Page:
For instance in Kai which part of the form is 'Open'?
As far as I can determine their are at least four seperate changes of waist/direction/dan tien movement:-
*Pull
*block
*coil
*palm strike/split
(forgive me if I use the wrong terminology)

Any thoughts??


   By Mike Taylor on Thursday, January 11, 2001 - 12:04 pm: Edit Post

WORK/TRAIN "hard/smart"(?) -- YES; OVERWORK -- NO!
There's a difference (a fine line between the two sometimes, but always a BIG DIFFERENCE in result). I saw the result when a buddy of mine who had had two years of escrima/kali/arnis-type training (with an excellent instructor) return from an Edgar Sulite (sp?) seminar:
Even though Mr. Sulite was an excellent instructor, my buddy misunderstood the difference between training & over-training. Edgar Sulite had said that after practicing a particular move many thousands of times one would become quite proficient; but what was lost on my buddy was that this would take months & even years of training. Instead of spreading those many thousands of reps out over the months & years to come, he did them within days (or a week or two) & developed a wrist problem which only subsided about a year ago -- about three years after the injury occurred.
During those years he couldn't practice the move efficiently & therefore he isn't close to "mastering" it; had he done a few reps each day over those three years, then he'd probably be very efficient at that move today.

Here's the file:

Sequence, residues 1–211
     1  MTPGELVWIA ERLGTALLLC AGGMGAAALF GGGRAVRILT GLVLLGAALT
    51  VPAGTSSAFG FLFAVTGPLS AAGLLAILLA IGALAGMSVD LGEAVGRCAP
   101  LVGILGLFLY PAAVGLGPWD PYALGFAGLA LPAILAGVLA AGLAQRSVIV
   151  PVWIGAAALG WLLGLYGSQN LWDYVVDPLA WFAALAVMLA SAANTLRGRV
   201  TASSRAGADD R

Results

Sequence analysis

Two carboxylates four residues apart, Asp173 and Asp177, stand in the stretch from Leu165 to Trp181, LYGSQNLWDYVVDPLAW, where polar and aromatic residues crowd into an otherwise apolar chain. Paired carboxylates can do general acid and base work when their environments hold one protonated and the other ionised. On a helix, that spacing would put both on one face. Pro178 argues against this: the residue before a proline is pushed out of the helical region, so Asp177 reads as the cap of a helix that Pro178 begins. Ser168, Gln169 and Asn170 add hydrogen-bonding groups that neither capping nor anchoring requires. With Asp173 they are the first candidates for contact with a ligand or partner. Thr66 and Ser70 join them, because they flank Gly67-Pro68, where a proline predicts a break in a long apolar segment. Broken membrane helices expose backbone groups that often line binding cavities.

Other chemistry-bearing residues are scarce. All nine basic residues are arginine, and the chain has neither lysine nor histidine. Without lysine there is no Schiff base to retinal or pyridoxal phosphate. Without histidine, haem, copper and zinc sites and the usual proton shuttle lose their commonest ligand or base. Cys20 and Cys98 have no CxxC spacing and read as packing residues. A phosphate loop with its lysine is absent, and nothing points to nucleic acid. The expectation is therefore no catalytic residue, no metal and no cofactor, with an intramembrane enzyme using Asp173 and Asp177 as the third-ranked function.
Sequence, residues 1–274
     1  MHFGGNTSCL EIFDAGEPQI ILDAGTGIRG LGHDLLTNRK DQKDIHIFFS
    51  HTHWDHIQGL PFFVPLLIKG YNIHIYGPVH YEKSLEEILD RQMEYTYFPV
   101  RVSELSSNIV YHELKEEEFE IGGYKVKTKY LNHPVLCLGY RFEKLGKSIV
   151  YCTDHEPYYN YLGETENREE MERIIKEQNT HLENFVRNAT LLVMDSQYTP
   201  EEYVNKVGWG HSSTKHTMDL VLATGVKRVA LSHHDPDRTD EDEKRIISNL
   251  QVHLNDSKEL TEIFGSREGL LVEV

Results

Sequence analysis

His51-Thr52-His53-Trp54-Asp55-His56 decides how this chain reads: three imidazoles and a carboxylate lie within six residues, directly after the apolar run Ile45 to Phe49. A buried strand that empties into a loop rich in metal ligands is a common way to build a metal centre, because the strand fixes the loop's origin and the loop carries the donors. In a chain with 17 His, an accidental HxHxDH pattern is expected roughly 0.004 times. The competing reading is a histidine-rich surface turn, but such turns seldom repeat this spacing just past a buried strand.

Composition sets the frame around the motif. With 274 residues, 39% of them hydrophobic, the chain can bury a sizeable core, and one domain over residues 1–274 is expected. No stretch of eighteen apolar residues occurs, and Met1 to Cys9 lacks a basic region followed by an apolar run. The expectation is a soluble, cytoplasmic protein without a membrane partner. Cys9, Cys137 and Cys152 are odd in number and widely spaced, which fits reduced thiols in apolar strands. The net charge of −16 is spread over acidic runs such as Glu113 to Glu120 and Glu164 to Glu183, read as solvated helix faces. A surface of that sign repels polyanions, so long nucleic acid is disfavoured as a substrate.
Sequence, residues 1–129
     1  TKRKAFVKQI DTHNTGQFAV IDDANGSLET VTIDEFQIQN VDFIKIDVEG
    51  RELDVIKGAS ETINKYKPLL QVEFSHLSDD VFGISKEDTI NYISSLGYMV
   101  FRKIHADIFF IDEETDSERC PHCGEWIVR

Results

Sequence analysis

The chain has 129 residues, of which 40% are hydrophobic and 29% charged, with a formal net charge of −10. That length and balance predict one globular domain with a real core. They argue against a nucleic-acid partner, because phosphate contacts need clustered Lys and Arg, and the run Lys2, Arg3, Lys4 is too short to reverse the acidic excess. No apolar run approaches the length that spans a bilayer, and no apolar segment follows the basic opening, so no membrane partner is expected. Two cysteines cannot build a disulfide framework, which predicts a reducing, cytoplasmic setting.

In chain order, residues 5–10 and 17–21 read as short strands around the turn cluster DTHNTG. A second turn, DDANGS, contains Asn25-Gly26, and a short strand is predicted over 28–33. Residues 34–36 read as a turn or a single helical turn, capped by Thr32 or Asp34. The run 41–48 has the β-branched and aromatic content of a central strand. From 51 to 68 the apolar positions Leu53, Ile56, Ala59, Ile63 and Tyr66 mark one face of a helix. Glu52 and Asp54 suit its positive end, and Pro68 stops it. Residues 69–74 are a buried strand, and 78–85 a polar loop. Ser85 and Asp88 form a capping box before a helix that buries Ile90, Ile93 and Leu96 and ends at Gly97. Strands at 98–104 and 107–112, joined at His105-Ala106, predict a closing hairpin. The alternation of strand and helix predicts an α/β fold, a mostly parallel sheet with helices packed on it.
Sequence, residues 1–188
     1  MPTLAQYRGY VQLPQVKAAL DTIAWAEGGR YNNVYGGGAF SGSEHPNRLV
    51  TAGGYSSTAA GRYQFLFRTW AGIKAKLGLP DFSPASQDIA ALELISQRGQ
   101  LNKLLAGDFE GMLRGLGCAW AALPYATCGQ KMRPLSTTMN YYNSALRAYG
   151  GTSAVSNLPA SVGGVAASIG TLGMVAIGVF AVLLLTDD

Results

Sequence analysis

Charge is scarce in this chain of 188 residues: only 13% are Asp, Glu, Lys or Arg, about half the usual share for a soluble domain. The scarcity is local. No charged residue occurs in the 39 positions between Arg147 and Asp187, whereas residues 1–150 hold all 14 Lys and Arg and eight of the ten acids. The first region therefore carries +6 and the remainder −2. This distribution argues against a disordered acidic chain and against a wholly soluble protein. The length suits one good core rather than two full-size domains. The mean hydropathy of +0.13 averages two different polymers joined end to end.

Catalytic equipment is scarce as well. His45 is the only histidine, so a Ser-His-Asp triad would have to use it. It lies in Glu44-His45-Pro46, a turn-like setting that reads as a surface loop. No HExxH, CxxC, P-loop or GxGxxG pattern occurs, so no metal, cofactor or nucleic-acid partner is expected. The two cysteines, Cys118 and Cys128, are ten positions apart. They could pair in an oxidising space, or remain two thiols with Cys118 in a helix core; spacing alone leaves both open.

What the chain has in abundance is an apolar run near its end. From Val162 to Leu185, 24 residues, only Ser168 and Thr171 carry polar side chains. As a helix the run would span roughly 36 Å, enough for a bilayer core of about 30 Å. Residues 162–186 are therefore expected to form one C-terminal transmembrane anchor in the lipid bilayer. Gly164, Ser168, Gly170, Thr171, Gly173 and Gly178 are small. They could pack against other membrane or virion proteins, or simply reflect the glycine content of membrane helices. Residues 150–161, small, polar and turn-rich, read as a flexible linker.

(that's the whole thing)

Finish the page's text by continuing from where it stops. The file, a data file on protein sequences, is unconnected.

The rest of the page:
While this isn't along your main topic (which is something Tim may answer for you), I feel that this sub-topic is important for those of us who are zealous for martial-art abilities, for the zealous can become over-zealous & hurt their progress (& I speak from personal experience as well).
Take it or leave it -- oops, there it is! :-)


   By Meynard on Thursday, January 11, 2001 - 12:20 pm: Edit Post

I think you're just over complicating matters by thinking of details too much. Why not constantly try to refine your technique. Over time, as you get better a lot things would be clearer to you. It's really hard to understand something unless you can put in some kind of perspective and that usually comes through experience.


   By Tim on Thursday, January 11, 2001 - 12:57 pm: Edit Post

Sneaked In, the movement you called 'coil' is the 'opening' that the form is named for.


   By Big Balled Betty on Thursday, January 11, 2001 - 03:47 pm: Edit Post

I think your friends wrist problem was because he was playing with his own 'stick' too much. Kook!

Most of you guys don't train at all. You're all lazy and take huge breaks between periods of training. How you gonna get good if you're not consistant? Then you look for the easy way out by rubbing your chi balls...If you workout all the time, like Big Balled Betty, you'll be pulling chicks all the time. What a body on that guy. In fact, you'll be drinking big 40 oz Malt liquor instead of your sissy lite beer crap.